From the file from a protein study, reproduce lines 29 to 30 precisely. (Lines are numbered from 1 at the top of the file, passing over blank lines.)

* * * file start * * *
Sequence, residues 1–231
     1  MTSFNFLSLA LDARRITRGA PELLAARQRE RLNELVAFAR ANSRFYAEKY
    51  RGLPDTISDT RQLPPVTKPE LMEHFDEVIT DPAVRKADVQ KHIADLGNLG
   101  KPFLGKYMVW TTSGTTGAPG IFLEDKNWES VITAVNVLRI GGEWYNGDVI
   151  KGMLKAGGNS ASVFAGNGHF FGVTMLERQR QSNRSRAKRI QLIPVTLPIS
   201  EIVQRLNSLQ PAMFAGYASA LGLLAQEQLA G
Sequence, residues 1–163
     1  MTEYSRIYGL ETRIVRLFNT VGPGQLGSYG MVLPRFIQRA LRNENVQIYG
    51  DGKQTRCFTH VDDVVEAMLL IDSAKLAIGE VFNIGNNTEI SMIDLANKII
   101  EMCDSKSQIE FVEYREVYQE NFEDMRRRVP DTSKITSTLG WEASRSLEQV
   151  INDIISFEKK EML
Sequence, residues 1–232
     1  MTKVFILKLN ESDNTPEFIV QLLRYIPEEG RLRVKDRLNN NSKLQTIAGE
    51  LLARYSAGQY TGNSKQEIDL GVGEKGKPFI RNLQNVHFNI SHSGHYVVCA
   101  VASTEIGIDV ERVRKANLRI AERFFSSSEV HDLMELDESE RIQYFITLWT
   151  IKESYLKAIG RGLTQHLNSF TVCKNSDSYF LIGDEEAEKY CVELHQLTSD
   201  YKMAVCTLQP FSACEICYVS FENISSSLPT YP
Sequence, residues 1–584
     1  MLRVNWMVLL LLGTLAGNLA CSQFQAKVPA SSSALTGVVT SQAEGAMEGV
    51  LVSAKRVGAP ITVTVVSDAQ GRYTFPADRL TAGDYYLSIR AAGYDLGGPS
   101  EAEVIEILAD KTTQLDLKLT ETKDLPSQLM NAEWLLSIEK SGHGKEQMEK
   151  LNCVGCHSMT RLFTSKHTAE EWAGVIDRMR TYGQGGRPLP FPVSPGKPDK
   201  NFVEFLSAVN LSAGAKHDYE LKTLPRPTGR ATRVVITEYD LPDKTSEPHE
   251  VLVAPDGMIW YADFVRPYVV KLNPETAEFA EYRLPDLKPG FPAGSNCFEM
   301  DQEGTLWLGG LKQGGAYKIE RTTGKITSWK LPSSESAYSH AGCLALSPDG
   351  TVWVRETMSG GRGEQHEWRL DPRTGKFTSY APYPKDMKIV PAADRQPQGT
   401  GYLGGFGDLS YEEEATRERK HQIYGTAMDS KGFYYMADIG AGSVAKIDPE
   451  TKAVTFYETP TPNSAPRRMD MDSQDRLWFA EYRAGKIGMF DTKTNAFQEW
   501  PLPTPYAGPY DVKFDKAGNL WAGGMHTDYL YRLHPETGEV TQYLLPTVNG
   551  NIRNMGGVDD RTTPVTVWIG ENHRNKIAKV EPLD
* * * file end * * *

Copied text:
   501  PLPTPYAGPY DVKFDKAGNL WAGGMHTDYL YRLHPETGEV TQYLLPTVNG
   551  NIRNMGGVDD RTTPVTVWIG ENHRNKIAKV EPLD